The CFR meetings convene government officials, global business leaders and prominent members of the intelligence and foreign-policy community to discuss international issues. CFR publishes the bi-monthly journal Foreign Affairs, and runs the David Rockefeller Studies Program, which influences foreign policy by making recommendations to the presidential administration and diplomatic community, testifying before Congress, interacting with the media, and publishing on foreign policy issues.
While the European Council has no formal legislative power, it is a strategic (and crisis-solving) body that provides the union with general political directions and priorities, and acts as a collective presidency. The European Commission remains the sole initiator of legislation, but the European Council is able to provide an impetus to guide legislative policy.
The meetings of the European Council, still commonly referred to as EU summits, are chaired by its president and take place at least twice every six months; usually in the Justus Lipsius building, the headquarters of the Council of the European Union in Brussels. Decisions of the European Council are taken by consensus, except where the Treaties provide otherwise.
Foreign relations is the management of relationships and dealings between two countries. Any results of foreign policy dealings and decisions can be considered foreign relations.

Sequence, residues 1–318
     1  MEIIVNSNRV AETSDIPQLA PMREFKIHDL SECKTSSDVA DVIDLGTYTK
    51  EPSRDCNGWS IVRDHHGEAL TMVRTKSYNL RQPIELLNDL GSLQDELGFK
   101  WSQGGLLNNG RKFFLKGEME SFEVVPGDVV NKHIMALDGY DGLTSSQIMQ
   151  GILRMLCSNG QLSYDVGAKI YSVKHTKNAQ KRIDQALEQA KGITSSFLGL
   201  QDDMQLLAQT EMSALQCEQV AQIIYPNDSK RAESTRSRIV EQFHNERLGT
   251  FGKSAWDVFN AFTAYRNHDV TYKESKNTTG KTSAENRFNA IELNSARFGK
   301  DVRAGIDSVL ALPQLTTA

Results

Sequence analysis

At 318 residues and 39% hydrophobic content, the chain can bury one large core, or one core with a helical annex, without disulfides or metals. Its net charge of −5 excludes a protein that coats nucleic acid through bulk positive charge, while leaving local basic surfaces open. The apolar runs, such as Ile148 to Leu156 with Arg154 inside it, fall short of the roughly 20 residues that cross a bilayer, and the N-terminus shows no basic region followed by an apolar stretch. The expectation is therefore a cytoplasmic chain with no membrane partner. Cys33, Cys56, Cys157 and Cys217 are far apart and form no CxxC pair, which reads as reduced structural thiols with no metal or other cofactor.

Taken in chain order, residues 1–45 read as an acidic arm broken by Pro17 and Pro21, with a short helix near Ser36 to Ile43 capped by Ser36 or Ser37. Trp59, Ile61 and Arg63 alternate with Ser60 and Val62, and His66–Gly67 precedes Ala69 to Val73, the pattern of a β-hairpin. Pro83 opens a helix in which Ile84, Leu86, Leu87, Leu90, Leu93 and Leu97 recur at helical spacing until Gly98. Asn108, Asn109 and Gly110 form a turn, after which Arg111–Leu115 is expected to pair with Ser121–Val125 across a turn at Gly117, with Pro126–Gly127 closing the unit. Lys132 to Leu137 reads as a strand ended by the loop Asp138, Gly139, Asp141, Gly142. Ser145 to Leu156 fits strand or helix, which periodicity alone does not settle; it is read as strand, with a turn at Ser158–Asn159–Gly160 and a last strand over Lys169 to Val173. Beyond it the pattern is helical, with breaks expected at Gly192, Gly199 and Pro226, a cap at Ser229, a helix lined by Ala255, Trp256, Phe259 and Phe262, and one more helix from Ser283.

The term foreign evolved during the mid-13th century CE from ferren, foreyne "out of doors," based on the Old French forain "outer, external, outdoor; remote" reflecting the sense of "not in one's own land" first attested in the late 14th century CE. Spelling in English was altered in the 17th century, perhaps by influence of the words reign and sovereign. Both words were associated at the time with the most common office of monarch that determined foreign policy, a set of diplomatic goals that seeks to outline how a country will interact with other countries of the world.
The idea of long-term management of relationships followed the development of a professional diplomatic corps that managed diplomacy. Since 1711, the term diplomacy has been taken to mean the art and practice of conducting negotiations between representatives of groups or nations.
The European Council on Foreign Relations (ECFR) is a pan-Europeanthink tank with offices in seven European capitals. Launched in October 2007, it conducts research and aims to promote informed debate across Europe on the development of coherent and effective European values based foreign policy.
ECFR was founded by Mark Leonard together with 50 European politicians, business leaders, public intellectuals and activists. ECFR has offices in Berlin, London, Madrid, Paris, Rome, Warsaw and Sofia and is led by its Director, Mark Leonard and CEO Dick Oosting. ECFR's Council brings together over 160 influential Europeans from 27 countries.
ECFR has offices in Berlin, London, Madrid, Paris, Rome, Warsaw and Sofia, with London serving as headquarter. When ECFR was founded in 2007, the Berlin, London, Madrid, Paris and Sofia offices were opened at the same time. The Rome office was opened in 2010, the Warsaw office in September 2011.